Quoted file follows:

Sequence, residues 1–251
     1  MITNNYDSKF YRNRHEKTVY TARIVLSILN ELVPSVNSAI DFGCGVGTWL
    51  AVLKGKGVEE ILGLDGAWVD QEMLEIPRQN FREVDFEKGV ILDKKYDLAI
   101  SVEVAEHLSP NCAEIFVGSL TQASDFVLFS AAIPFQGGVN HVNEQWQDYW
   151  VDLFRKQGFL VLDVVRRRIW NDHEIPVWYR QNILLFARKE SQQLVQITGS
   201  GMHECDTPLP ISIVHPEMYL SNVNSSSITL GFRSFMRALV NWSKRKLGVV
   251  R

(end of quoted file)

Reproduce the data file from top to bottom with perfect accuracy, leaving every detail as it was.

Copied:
Sequence, residues 1–251
     1  MITNNYDSKF YRNRHEKTVY TARIVLSILN ELVPSVNSAI DFGCGVGTWL
    51  AVLKGKGVEE ILGLDGAWVD QEMLEIPRQN FREVDFEKGV ILDKKYDLAI
   101  SVEVAEHLSP NCAEIFVGSL TQASDFVLFS AAIPFQGGVN HVNEQWQDYW
   151  VDLFRKQGFL VLDVVRRRIW NDHEIPVWYR QNILLFARKE SQQLVQITGS
   201  GMHECDTPLP ISIVHPEMYL SNVNSSSITL GFRSFMRALV NWSKRKLGVV
   251  R